Ponzi scheme to defraud investors who believed they were investing in the commodities market, and
cites to United States v. Mathison, 157 F.3d 541, 545 (8th Cir. 1998), for the following
characterization ofthe transfers involved in Counts 51 and 52: "Mr. Mathison laundered some ofthis
money by wiring it to an associate at a bank in Arizona, who then wired the money back to Mr.
Mathison, or into another account, at his direction."
IThe jury in Mathison's case was instructed on the definition of proceeds that was set forth
in the Eighth Circuit Manual of Model Civil Jury Instructions, No.§ 6.18.1956J (1996) and (2000).
This definition was inconsistent with the definition of proceeds set forth in Santos.
In the Second Superseding Indictment Mathison was charged with and the jury convicted him
of mail fraud, wire fraud, conspiracy and money laundering. Mathison was charged in Count 32
through 39 with money laundering, in violation of 18 U.S.C. §§ 1956(a)(l)(A)(i) and 1956
(a)(1)(B)(i),2 for mailing checks to victims of the Ponzi scheme under the pretense of the money
representing profits from a commodities investment.
Paragraph 6 of the Second Superseding
Indictment alleges "It was part ofthe scheme and artifice to defraud that Eugene H. Mathison would
obtain money from other victims when it became necessary to return some money to earlier victims."
Justice Stevens observed:
The Government suggests no explanation for why Congress would
have wanted a transaction that is a normal part of a crime it had duly
considered and appropriatelypunished elsewhere in the Criminal Code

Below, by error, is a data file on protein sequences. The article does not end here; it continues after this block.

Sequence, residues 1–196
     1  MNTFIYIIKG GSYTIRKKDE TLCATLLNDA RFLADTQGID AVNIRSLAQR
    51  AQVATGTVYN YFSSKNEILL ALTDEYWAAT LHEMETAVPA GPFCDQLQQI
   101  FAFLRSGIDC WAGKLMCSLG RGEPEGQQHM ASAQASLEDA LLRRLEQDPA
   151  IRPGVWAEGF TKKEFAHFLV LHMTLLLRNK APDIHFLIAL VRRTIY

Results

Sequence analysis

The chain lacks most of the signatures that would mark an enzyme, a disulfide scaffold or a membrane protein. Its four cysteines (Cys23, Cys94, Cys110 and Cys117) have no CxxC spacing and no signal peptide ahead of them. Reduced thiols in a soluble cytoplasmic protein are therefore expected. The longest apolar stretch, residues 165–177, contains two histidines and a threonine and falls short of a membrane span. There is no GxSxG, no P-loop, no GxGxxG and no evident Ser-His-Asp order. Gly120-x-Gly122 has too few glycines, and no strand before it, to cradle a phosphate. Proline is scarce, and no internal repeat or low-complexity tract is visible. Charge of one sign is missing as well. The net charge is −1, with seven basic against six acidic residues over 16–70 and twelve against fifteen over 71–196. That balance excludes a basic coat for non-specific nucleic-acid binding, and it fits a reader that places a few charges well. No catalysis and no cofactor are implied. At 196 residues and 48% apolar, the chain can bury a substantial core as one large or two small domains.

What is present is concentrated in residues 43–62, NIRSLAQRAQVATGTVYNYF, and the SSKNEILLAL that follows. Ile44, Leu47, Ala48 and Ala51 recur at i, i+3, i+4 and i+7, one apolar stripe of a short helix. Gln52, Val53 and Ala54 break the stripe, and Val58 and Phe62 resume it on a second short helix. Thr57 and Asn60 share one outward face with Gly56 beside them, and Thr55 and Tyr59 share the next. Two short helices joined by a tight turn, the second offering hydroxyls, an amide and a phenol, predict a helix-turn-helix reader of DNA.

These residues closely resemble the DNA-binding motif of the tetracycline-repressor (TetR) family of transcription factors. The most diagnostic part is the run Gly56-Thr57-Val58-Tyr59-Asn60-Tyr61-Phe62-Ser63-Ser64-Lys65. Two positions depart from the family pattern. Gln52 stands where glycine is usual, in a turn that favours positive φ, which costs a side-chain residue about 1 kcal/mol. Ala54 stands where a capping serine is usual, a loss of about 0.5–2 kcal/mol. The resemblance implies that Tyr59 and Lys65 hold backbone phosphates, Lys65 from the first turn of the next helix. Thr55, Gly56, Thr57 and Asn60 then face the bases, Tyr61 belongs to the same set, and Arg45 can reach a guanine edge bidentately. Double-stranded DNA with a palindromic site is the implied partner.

to radically increase the sentence for that crime. Interpreting
"proceeds" to mean "profits" eliminates the merger problem.
Santos, 553 U.S. at 517. Since the conduct that was charged in Counts 32 through 39 is a normal
part of the mail fraud that was encompassed within Mathison's prosecution, and mail fraud, at that
time, was punishable by imprisonment of not more than five years, Counts 32 through 39 constitute
a merger problem and the Court is vacating the convictions for these Counts. See Garland v. Roy,
615 F.3d 391 (5th Cir. 2010) (Defendant in illegal pyramid scheme entitled to habeas relief under 28
U. S. C. § 2241 when the same transaction may have been used to prove both the underlying unlawful
2In the time frame Mathison was charged, 18 U.S.C. § 1956 provided in pertinent part:
(a)(l) Whoever, knowing that the property involved in a financial
transaction represents the proceeds ofsome form ofunlawful activity,
conducts or attempts to conduct such a financial transaction which in
fact involves the proceeds of specified unlawful activity -
(A)(i) with the intent to promote the carrying on ofspecified unlawful
(B) knowing that the transaction is designed in whole or in part -
(i) to conceal or disguise the nature, the location, the source, the
ownership, or the control of the proceeds of specified unlawful
shall be sentenced to ... imprisonment for not more than twenty years ....
activity and the money-laundering charges).
In Counts 51 and 52 Mathison was charged with and the jury convicted him of money
laundering, in violation ofl8 U.S.C. § 1957. 3 18 U.S.c. § 1957 criminalizes engaging in a monetary
transaction in criminally derived property of a value greater than $10,000 derived from specified
unlawful activity. Counts 51 and 52 involved wire transfers of$20,000 and $12,000 to Eldred Evey.
Evey was employed by a bank in Arizona. Mathison or his co-defendant Dean Chamber wired funds
to Evey, who then made a wire transfer ofthe funds to Euro Capital Markets, a company associated
with Ronald Totaro. TT 1247 - 1262. Totaro was later convicted ofsixty-one counts ofmail fraud,